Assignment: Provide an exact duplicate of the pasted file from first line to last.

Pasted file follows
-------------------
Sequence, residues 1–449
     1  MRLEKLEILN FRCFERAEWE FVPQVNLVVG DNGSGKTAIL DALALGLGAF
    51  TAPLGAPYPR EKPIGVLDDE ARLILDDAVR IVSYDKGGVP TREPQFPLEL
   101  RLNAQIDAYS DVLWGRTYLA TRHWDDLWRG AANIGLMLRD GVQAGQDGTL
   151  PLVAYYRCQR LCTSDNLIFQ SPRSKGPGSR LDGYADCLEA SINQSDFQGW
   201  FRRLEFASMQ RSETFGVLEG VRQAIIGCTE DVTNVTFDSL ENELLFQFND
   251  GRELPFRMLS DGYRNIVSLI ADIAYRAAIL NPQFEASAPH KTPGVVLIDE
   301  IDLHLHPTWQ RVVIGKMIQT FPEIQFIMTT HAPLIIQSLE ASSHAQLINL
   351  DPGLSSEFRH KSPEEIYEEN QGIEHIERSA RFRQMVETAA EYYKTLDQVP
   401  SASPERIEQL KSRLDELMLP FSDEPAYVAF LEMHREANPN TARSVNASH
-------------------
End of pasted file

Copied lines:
Sequence, residues 1–449
     1  MRLEKLEILN FRCFERAEWE FVPQVNLVVG DNGSGKTAIL DALALGLGAF
    51  TAPLGAPYPR EKPIGVLDDE ARLILDDAVR IVSYDKGGVP TREPQFPLEL
   101  RLNAQIDAYS DVLWGRTYLA TRHWDDLWRG AANIGLMLRD GVQAGQDGTL
   151  PLVAYYRCQR LCTSDNLIFQ SPRSKGPGSR LDGYADCLEA SINQSDFQGW
   201  FRRLEFASMQ RSETFGVLEG VRQAIIGCTE DVTNVTFDSL ENELLFQFND
   251  GRELPFRMLS DGYRNIVSLI ADIAYRAAIL NPQFEASAPH KTPGVVLIDE
   301  IDLHLHPTWQ RVVIGKMIQT FPEIQFIMTT HAPLIIQSLE ASSHAQLINL
   351  DPGLSSEFRH KSPEEIYEEN QGIEHIERSA RFRQMVETAA EYYKTLDQVP
   401  SASPERIEQL KSRLDELMLP FSDEPAYVAF LEMHREANPN TARSVNASH